• Kyodo


Tokyo Electric Power Co. said Friday that it has finished transferring the first batch of fuel rod assemblies from the Fukushima No. 1 plants reactor 4 spent fuel pool to another building with more stable storage conditions.

“All of the fuel assemblies have been placed in the storage rack (inside the common pool), meaning the first fuel transfer work effectively ended,” Tepco official Noriyuki Imaizumi told a press conference.

After reviewing the work flow that started Monday, the utility will move on to retrieve the next batch of fuel assemblies from the spent fuel pool of the damaged reactor 4 building.

The pool contains over 1,000 fuel assemblies and the process is expected to continue through the end of next year.

To get used to the operation, workers commenced with the removal of unused fuel assemblies, but they will also have to take out spent fuel, which is more difficult to handle because it is highly radioactive and emits heat as radioactive elements in the fuel decay.

The process starts with the transfer of fuel assemblies inside the water-filled spent fuel pool one by one into a transport container also placed inside the pool.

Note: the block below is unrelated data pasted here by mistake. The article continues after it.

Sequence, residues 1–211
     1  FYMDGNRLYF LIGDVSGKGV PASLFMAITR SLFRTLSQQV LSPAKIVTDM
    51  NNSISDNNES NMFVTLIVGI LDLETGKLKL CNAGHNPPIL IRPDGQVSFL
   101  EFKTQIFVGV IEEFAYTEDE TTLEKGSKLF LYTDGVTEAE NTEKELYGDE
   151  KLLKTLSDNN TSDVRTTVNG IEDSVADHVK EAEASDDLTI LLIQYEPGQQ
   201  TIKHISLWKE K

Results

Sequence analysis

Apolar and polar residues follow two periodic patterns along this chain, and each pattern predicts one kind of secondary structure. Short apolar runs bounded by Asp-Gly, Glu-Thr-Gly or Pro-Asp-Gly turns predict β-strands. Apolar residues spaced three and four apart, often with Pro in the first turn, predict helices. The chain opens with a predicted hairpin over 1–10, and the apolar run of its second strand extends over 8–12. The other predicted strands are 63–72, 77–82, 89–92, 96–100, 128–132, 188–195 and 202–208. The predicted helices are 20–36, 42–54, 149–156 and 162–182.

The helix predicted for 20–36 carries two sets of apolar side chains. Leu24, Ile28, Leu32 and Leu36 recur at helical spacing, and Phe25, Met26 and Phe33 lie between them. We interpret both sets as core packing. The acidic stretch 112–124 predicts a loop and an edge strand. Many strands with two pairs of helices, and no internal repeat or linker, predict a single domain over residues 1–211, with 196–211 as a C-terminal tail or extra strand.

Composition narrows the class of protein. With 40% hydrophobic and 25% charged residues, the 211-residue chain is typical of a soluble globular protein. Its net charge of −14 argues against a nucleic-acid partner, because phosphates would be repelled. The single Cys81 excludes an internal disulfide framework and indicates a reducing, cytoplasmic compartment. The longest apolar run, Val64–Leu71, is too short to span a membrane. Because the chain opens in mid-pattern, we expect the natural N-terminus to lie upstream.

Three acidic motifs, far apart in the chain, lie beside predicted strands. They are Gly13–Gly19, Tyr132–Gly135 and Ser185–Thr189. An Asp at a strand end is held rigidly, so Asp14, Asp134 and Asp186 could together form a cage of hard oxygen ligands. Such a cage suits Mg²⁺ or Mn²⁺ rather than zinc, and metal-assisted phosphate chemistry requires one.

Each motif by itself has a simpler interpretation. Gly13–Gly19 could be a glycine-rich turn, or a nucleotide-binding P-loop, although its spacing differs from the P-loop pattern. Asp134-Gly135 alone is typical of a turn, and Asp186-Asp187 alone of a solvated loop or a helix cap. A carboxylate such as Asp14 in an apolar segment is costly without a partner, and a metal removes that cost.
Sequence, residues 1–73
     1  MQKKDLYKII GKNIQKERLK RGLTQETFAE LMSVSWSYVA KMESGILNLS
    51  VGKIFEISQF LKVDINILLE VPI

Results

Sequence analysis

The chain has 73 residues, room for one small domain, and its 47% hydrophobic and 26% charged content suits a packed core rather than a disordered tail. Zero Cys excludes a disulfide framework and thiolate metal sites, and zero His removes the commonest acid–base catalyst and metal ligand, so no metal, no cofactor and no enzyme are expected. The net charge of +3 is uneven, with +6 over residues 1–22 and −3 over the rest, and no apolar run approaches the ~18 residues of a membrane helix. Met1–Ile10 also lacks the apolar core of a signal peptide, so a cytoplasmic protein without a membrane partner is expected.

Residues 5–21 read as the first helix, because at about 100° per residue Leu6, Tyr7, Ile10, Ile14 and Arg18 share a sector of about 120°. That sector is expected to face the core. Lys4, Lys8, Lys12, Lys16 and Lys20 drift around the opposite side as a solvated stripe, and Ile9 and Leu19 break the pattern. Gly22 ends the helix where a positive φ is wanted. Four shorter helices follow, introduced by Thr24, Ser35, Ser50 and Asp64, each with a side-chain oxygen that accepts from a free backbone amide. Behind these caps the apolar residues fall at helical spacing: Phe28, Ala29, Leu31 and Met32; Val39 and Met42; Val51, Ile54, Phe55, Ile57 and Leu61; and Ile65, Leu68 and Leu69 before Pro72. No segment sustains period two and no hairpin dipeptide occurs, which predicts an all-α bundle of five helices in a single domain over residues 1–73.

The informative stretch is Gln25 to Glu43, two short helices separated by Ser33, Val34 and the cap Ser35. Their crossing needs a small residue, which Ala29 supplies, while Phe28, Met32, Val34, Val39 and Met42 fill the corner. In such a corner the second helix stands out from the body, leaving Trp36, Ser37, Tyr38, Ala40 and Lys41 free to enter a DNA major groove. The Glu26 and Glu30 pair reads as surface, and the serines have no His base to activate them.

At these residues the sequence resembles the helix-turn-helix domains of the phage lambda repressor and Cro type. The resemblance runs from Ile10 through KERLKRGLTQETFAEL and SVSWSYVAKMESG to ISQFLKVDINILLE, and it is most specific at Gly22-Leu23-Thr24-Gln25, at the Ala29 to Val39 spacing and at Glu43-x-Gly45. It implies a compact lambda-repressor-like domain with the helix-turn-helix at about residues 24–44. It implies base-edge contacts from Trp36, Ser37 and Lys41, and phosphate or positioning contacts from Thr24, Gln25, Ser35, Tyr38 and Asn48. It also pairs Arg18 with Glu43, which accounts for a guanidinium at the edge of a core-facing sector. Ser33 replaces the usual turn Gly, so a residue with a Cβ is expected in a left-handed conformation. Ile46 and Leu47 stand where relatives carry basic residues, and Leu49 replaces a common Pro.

Once the container is filled with 22 fuel assemblies, workers lower it by crane from the fifth floor of the building where the pool is located so that it can be taken to the common pool about 100 meters away.

During the 2011 nuclear crisis, reactors 1 to 3 experienced core meltdowns, while unit 4 only suffered a hydrogen explosion as all of its fuel was stored in the spent fuel pool because the reactor was undergoing periodic maintenance work at the time.

However, the condition of the spent fuel pool on the highest floor of the crumbling building was a major source of concern in the early days of the crisis, as the water level was suspected to have dropped low enough to expose the fuel. Tepco later said the fuel in the reactor 4 pool probably did not sustain major damage.

In a time of both misinformation and too much information, quality journalism is more crucial than ever.
By subscribing, you can help us get the story right.